Five years after Mandan wooed Walmart into building in the community to boost its sales tax revenue, the property has met revenue projections on average, though the annual numbers have dropped.

With a 1 percent sales tax at the time, estimated sales tax revenue from the addition of Walmart was $400,000 annually, based on $40 million in taxable sales, according to Ellen Huber, the city's business development director. 

In 2013, when Walmart was open about three months, overall collections climbed 18 percent to $2.37 million — a difference of $367,446 compared to 2012, Huber said.

Numbers for 2014 were up $675,256 and for 2015 up $486,696, based on a 1 percent sales tax.

While 2016 collections, based on a 1 percent sales tax, were above 2012 levels, they didn't meet projections, with gains $300,719 above 2012. The same was true for 2017, with $357,573 in gains. Add the 0.75 percent tax levied starting in 2015 for the Starion Sports Complex, and collections now total about $4.1 million, Huber said.

Averaged together, the first four full years of collections were up $455,061 annually.

“It is performing every bit as well as expected, better in some cases,” said Matt Armiger, regional general manager of the Mandan Walmart. “(North Dakota) is really just a wonderful state for us.”

There are a number of financial metrics Walmart considers when building additional stores in an area it already serves, according to Armiger.

The town needs a certain population density. Walmart asks whether the community is growing. The company also considers whether another location will help more evenly distribute volume across area stores.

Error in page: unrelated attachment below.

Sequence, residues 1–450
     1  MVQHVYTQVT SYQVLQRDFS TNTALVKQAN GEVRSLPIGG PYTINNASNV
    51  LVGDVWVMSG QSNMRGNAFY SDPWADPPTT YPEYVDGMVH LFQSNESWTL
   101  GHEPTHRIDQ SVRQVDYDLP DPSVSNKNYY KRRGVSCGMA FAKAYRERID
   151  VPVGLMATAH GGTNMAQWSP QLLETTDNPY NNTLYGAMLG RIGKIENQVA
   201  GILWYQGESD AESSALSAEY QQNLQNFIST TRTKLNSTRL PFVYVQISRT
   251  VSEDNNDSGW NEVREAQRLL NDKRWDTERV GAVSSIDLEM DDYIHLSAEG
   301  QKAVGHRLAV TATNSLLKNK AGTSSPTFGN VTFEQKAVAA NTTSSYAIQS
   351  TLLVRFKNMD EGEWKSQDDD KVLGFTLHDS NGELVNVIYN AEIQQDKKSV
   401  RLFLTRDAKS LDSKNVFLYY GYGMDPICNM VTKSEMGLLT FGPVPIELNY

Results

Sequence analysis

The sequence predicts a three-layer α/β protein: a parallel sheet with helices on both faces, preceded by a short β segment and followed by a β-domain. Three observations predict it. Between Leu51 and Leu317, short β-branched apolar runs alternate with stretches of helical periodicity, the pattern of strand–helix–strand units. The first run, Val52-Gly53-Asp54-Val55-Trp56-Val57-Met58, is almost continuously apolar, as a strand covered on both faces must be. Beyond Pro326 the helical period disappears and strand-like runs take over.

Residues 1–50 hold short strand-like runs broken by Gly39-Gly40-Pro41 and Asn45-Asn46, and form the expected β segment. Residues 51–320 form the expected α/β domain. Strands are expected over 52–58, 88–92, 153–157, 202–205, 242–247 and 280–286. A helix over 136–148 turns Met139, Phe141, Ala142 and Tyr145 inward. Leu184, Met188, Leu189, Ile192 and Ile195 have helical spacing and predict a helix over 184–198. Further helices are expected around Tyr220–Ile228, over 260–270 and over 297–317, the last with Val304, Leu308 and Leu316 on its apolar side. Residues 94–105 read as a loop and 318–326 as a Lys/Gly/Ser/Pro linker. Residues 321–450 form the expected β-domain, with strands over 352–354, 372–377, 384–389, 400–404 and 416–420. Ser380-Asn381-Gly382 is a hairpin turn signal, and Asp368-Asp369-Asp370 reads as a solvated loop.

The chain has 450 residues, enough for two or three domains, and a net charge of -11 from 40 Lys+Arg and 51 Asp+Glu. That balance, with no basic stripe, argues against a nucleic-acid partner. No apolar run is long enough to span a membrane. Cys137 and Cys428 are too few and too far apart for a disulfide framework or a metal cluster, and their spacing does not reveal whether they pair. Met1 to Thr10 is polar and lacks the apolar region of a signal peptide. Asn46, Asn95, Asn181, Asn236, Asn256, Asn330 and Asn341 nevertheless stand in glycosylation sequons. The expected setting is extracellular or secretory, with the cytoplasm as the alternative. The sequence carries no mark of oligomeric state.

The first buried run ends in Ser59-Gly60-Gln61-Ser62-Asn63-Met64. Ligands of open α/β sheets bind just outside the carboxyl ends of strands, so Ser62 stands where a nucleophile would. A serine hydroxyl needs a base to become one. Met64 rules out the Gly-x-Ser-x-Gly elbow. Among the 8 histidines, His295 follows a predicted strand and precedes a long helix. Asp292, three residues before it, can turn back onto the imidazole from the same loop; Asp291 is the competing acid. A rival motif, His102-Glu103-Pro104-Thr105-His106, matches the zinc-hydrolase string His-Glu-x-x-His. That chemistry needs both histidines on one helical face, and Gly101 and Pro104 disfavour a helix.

Recent growth — with an expectation of more to come — in Mandan is attracting the attention of franchise owners.

“There is more potential for growth in the north and northeast of Mandan," said Monte Stein, co-franchise owner of Bennigan's. "There is a big growth of families and businesses. It’s been great for Mandan, and it’s been a long time coming."

Being near Walmart was less of a consideration for Blake Feil when he was considering a Mandan location for his Feil Orthodontics. Proximity to the middle school, ease of access to the interstate for his patients commuting from the west and being near major employers, such as Cloverdale, NISC and Pepsi, was more important when he started making plans in 2008.

The 1411 27th St. N.W. location has worked well, Feil said.

“Each year has been just a little bit better than the last,” said Feil, adding that he “loves seeing what's happening up there” and is “proud to be invested in that part of Mandan.”

“I think it’s brought a lot of good jobs in the community,” Armiger said of Walmart.

Walmart offers its employees benefits, including a dollar a week toward college education, maternal and paternal leave that started this year and quarterly bonuses based upon a store’s performance.

“And obviously, there's the tax revenues it brings in,” Armiger said.

Walmart was given a property tax exemption for two years by the city as an incentive. The estimated value was $201,690.

“The estimated sales tax revenue was roughly double in only one year of what the property tax exemption would equal over two years — plus annual payroll of $4.5 million for an estimated 167 full-time and 83 part-time employees,” Huber said.

Prior to development, the raw land was generating $7,653 in annual property tax revenue. It now generates an average of $117,702, with the 2017 amount of $176,332 being more than 23 times the original sum, Huber said.

“I definitely see a lot more life happening in Mandan in the last three years,” Feil said. “People feel like they can shop and stop in Mandan and not have to cross the river.”

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Business Reporter